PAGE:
Entertainment is politics. Look no further than this election cycle's dozens of presidential debates for evidence. Our entertainers and politicians possess the same traits and while Donald Trump is a glaring example, Drake is perhaps the superlative embodiment of this phenomenon.
The chart-topping rapper, whose new album, Views, has just been released, has always been defined by the narrative arc of his career as much as his actual output. When he first emerged, some dismissed him as the soft, Bar Mitzvahed, former Degrassi: The Next Generation child actor from Toronto.
Now he has turned adversarial with a new chiselled physique serving as the personification of his inflated ego.
His evolution from ridiculed anomaly to uber-successful heel has been achieved by manoeuvring rap's stratosphere like a politician. Drake is releasing his new album just as presidential season reaches its peak, and the 29-year-old's supremacy campaign has ramped up in similar fashion with Summer Sixteen - a confrontational reprisal where he addresses President Barack Obama, declares himself the new Jay Z and brags about the size of his pool - serving as his unofficial campaign theme song.
Drake knows how to position himself like a politician. In his quest for greatness, he has painted himself as the underdog who, against the odds, has realised the (North) American dream. He picks the battles that he can tilt to his favour.
Bullied early in his career for the emotive nature of his music, his knack for singing in addition to rapping and growing up with perceived privilege - in short, a lack of credibility - he used a now-famous verse on Rick Ross's Stay Schemin as a blanket memorandum that he wasn't to be underestimated. "I just ask that when you see me you speak up ... Don't be duckin' like you never wanted nothin'," he advised, flat-footed and confident. It was a landmark moment, a statement of purpose.
Scandal is the hook for politics' entertainment factor. Nobody courts it, but it certainly keeps your name in the headlines.
Since that turning point, the rapper who once stated that he'd never reply to a peer's slight has taken to hurling veiled - and occasionally not-so-veiled - barbs at whoever incites him, only to later align himself with those he can benefit from the most.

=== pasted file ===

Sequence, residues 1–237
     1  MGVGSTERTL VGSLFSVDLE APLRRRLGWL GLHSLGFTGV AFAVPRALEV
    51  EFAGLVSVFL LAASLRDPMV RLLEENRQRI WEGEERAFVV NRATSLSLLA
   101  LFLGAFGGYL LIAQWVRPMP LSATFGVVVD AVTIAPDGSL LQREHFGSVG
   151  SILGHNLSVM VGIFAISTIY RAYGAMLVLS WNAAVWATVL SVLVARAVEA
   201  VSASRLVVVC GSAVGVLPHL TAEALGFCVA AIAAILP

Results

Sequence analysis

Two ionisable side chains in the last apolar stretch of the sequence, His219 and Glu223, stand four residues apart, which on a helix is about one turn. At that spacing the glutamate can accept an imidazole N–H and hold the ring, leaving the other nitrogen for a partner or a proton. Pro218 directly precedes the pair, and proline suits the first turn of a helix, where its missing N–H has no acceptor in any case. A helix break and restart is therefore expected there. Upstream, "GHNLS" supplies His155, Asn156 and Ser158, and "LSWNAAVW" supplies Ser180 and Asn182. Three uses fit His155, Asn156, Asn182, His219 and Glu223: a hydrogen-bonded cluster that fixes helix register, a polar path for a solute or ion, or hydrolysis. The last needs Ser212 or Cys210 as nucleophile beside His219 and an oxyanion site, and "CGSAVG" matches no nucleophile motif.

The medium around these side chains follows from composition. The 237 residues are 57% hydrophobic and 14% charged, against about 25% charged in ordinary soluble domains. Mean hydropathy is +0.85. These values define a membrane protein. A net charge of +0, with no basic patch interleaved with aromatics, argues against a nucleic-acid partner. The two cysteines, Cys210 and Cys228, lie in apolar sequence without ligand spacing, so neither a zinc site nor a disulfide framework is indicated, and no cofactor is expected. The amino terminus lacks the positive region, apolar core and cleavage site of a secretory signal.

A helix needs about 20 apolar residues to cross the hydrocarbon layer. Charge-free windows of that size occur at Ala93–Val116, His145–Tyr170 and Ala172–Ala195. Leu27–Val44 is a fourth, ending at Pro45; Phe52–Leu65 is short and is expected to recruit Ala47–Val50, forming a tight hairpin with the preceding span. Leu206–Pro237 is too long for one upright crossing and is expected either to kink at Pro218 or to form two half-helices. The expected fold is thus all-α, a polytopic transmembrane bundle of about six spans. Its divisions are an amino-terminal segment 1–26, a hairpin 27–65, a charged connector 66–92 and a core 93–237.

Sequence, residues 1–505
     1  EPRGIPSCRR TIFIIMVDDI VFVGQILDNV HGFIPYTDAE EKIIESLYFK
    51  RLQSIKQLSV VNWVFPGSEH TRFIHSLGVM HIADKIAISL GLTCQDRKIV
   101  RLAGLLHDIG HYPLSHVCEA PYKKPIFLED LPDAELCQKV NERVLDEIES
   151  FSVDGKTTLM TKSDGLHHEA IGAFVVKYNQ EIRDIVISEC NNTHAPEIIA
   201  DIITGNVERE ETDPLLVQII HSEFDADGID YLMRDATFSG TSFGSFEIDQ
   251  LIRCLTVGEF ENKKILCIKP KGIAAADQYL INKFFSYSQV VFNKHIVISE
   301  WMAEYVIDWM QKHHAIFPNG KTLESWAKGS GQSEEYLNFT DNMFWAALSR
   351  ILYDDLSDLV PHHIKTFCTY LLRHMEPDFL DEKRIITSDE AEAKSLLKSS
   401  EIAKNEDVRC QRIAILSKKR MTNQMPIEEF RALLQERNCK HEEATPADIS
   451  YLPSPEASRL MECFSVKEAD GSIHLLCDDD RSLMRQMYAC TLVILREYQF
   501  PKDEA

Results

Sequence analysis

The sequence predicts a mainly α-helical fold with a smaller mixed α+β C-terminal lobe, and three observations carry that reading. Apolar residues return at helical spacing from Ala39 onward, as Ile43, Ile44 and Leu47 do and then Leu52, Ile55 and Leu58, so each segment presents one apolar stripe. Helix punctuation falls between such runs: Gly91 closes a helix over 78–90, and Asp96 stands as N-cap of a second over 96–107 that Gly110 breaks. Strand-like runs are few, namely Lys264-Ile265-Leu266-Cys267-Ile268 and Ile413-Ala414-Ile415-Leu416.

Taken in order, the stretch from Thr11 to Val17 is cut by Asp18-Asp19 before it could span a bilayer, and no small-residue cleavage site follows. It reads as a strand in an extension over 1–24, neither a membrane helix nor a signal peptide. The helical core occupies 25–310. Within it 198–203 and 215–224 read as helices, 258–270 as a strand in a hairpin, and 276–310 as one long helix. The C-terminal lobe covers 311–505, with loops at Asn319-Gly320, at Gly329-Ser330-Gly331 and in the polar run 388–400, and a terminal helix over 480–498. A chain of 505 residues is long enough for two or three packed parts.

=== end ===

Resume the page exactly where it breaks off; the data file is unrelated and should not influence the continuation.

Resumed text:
Drake's relationships with Jay Z and Kanye West have toggled between those of admiration and rivalry. Still, he tapped the two legends to appear on his recent single, Pop Style, a prosperity gloat that makes Drake appear even more grand thanks to the prestigious company he keeps.
He understands that his own accomplishments, coupled with associating himself with the greats he wants to be compared to, adds to the impression that he's in the same class. Simply put, few rappers are as deft at - and unapologetic about - riding coat-tails as Drake.
Drake is quite fond of others with the same penchant for success. His affinity for the University of Kentucky's men's basketball team is well-documented. The tendency to hitch his wagon to others that are successful has earned him a deserved "frontrunner" label.
But for politicians, for whom image is everything, siding with winners is advantageous. Drake gets this. He's aligned himself with Future, whose musical hot streak has extended well past a year at this point. The duo will embark on a joint tour this summer and collaborated on last year's What a Time to Be Alive. The project was a flex Drake didn't need, but its resounding popularity served his agenda: magnifying his own.
Scandal is the hook for politics' entertainment factor. Nobody courts it, but it certainly keeps your name in the headlines. It came for Drake last summer when former ally Meek Mill accused him of not writing his own lyrics. In hip-hop, this is just short of treason. But the truly gifted politicians can manipulate scandal and simultaneously burnish their reputations by turning the story into a positive.
Drake's two diss records (Charged Up and Back to Back) and a meme-laden crucifixion of Meek Mill at last year's OVO Fest (think of this as his own annual party convention) made him appear invincible. Spinning the situation in his favour, he took valid claims levied against him and turned them into a moment of personal triumph. The magnitude of his victory, no matter how much subterfuge it involved, negated any of his possible transgressions.
More than anything, Drake won the strategic battle, then stood on the shoulders of trenchant supporters who declared him the winner. Drake won because a Greek chorus said so. A seasoned politician would admire this move.